You shouldn’t have to be proven wrong, over and over, to reconsider your intuition

September 29, 2011 by Jared Goralnick

Journal Entry, by Joel MontesFew things are as core to my identity as writing.  Yet lately I’ve been proven wrong, over and over, about my writing intuition.

I see now that with so many things, practice isn’t enough.  Don’t repeat my mistakes, which began 2 months ago.

Two months ago, I hired a writer (hi, Brian!).  We spoke the same language about business and saw eye-to-eye about how AwayFind can help people.  I was quite excited to work together.

Even more, Brian is not just a writer.  Brian is a 15 year direct marketing veteran, a thinker, and someone who more than deserves his Director of Marketing title.  But I’ve still never hired someone who I disagreed with so often and so thoroughly.

But he pushed.  So we tested and gathered feedback.  I was nearly universally wrong.

Now, Brian and I are different.  Different is fine.  But what was tough for me is that when I read some of his suggestions I thought, "No, that simply won’t work."  It wasn’t a "no, that’s not me" it was a flat out, "This won’t work, because of x, y, and z."

You see, my writing is no accident.  I can explain clearly why I chose one path or another, and why I strongly object to certain suggestions.

And yet I was wrong.  Consistently (okay, mostly consistently ; ).  With something I thought I understood.

I’m so glad for this experience (which is continuing, of course).  Even beyond its impact on my own writing, it helps me to see what our users, and people generally, value and appreciate.  And the bigger lesson here is not about writing: it’s that our assumptions about even our greatest perceived strengths may be wrong.

For a parallel—consider playing a musical instrument.  It takes both practice and technique.  One will certainly have to practice to attain proficiency…but without the proper technique it’s impossible to achieve the highest success.  We fundamentally understand this about music.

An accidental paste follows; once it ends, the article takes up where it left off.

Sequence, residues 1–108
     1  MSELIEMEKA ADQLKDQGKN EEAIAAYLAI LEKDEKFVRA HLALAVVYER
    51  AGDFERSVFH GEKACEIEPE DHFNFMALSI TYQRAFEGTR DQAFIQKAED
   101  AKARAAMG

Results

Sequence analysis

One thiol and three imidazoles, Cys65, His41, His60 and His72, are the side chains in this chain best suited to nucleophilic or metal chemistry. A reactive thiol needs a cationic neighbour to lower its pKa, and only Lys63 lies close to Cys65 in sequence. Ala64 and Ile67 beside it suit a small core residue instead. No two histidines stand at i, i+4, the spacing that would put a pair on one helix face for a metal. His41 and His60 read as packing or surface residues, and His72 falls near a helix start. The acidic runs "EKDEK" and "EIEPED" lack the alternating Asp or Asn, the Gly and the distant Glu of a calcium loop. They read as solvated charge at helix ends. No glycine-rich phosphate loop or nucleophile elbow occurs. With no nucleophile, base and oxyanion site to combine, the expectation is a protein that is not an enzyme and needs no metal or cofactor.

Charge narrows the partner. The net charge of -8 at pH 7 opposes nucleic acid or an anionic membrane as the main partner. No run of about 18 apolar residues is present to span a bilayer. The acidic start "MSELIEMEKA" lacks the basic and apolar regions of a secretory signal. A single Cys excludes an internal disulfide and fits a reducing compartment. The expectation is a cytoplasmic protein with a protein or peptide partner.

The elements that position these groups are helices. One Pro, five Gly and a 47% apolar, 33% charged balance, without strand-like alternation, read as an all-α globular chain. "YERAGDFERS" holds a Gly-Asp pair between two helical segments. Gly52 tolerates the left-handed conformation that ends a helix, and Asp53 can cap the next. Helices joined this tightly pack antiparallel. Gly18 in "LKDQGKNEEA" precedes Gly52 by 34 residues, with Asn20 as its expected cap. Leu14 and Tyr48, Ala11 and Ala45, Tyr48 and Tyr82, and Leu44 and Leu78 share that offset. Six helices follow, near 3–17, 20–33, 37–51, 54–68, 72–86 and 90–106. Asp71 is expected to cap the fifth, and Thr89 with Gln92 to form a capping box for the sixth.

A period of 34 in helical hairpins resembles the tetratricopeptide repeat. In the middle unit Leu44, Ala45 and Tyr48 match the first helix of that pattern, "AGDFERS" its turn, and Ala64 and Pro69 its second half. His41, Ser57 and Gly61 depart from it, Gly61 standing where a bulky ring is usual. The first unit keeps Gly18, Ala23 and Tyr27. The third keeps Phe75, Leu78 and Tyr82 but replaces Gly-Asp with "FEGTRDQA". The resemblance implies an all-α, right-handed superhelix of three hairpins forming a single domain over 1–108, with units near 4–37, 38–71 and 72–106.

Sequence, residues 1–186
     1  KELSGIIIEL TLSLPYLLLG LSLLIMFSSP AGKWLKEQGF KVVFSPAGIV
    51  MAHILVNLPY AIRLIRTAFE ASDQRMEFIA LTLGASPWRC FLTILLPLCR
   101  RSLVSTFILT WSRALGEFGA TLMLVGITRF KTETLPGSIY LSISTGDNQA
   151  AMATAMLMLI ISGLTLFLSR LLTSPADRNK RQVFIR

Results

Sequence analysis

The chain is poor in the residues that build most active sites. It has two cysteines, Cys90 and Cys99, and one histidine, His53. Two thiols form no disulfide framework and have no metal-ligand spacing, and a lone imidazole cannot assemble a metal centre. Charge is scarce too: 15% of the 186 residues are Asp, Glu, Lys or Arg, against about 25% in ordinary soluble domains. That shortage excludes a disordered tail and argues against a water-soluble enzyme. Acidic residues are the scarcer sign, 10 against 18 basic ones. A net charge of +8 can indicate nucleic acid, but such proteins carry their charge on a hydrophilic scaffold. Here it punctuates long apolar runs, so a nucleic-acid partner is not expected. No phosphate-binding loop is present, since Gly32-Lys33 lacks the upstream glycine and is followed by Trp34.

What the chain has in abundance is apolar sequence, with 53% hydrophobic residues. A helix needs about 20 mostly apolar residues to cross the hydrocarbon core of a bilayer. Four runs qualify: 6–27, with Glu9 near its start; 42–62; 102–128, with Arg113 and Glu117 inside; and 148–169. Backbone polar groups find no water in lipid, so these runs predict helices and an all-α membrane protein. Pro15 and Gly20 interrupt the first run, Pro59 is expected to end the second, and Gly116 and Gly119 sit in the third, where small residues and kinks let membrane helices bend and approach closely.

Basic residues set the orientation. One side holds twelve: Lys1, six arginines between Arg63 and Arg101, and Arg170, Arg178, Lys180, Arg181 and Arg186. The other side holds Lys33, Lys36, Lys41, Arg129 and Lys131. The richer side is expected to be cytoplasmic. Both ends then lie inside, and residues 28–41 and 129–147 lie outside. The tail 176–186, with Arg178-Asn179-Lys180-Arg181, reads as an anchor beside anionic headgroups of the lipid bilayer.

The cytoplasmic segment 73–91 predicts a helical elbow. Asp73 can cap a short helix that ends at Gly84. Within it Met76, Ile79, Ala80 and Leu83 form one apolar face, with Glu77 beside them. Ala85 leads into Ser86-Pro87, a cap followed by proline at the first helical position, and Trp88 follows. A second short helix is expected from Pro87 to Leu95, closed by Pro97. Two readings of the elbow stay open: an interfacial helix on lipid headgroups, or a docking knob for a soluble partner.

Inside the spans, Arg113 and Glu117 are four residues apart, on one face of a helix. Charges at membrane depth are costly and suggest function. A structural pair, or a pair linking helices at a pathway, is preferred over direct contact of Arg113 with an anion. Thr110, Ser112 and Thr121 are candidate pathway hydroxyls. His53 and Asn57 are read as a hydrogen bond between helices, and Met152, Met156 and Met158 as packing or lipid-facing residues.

But in the rest of life we assume that enough practice will lead to success.  But technique is still hugely important.  We need to open up to the possibility that maybe our own technique—or at least our intuition–isn’t quite what we thought.

Consider your best strengths.  Then put your ego aside and really consider how differing approaches work, or be more objective in how you see its real impact.

When something so fundamentally different from your own (thought-out) perspective enters your world, perhaps you’re the one who needs to reconsider.

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One Response to “You shouldn’t have to be proven wrong, over and over, to reconsider your intuition”


  1. Bojan

    I don’t believe that Brian has a right approach to you as a person. Nothing should create aggravation between people who are working together. Being diplomatic about what you say and how you say it is crucial.

    You as his boss shouldn’t feel as dummber than he is. If he is so smart, why doesn’t he pay himself up? No matter how right or wrong, he should always let you figure out how great resource he is. I explained this in one of my previous articles:

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